BN wins Trengganu by-election with improved majority

MALAYSIA - Malaysia's ruling Barisan Nasional (BN) won a closely watched by-election in Terengganu with an increased majority on Wednesday, sweeping aside fears that it would lose its one-seat majority in the state legislature.

BN candidate Tengku Zaihan Abdul Rahman, 37, defeated his opponent Azlan Yusof, 48, from Parti Islam SeMalaysia (PAS) by 8,288 votes to 5,696 votes in the Kuala Besut constituency.

It was the first by-election after a hard-fought general election on May 5.

The 2,600-vote majority was an improvement over the ruling party's 2,400-vote win in May, a result that BN's by-election director and Deputy Prime Minister Muhyiddin Yassin said he was "grateful" for.

Analysts said that while the government would be relieved with Wednesday's result, the slightly higher majority might not be significant enough to bolster either the position of the BN in the state, or that of Prime Minister Najib Razak ahead of Umno's party polls slated to be held later this year.

Still, the win averted what would have been an unprecedented outcome - a hung state assembly in Terengganu - and an embarrassment for the BN, which held only a one-seat majority after the Umno assemblyman for Kuala Besut died last month.

BN leaders, including Terengganu Menteri Besar Ahmad Said, raised their hands and cheered when the result was announced last Wednesday night.

"Although this was done during Ramadan, where campaigning had to be low-key, we have managed to approach all our voters," Tan Sri Muhyiddin said after the announcement.

"That has allowed us to get a better majority, which was the most important thing."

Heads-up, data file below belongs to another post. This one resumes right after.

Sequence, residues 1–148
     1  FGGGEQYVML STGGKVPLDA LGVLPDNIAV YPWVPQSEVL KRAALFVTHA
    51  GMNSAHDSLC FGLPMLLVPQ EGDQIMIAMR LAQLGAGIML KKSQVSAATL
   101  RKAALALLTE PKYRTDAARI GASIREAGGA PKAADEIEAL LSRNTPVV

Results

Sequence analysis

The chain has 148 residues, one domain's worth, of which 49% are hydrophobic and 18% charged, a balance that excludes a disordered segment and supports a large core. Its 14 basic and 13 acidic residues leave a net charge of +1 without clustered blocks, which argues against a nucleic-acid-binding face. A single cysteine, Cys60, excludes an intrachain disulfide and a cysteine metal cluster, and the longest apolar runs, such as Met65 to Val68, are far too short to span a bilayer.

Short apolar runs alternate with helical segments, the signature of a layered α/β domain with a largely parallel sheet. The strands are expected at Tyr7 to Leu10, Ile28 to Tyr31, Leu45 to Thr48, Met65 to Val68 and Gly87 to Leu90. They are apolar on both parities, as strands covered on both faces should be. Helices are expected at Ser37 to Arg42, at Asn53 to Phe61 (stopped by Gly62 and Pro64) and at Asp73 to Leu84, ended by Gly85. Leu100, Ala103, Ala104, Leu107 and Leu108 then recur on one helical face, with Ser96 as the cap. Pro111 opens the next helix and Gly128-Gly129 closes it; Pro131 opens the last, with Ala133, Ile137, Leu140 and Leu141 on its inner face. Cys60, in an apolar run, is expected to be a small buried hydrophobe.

He added that the result was a "good birthday present" for Datuk Seri Najib, who turned 60 on Tuesday.

Kuala Besut, a rural town that is home to many fishermen and farmers, is seen as a stronghold for the BN, which has held the seat since 2004.

During the 13-day campaign, the BN announced more than RM300 million (S$119 million) worth of projects for the constituency.

Political analyst Ibrahim Suffian said the win "removes a distraction for Najib at the Umno general assembly, because a loss would have seen him come under attack from his opponents".

"But he would have needed to win Kuala Besut by many more votes to really strengthen his hand," he added. "The fact remains that the BN nearly lost Terengganu." Conversely, PAS' loss - and, in particular, its inability to reduce the BN's majority - was a blow to the Islamist party, which had ruled Terengganu for one term in 1999.

"It appears that while many Malaysians are supportive of PAS' call for clean politics, they may still be uncomfortable with the party in a governing position, as it stresses more on religious correctness than economic development," said analyst Oh Ei Sun.

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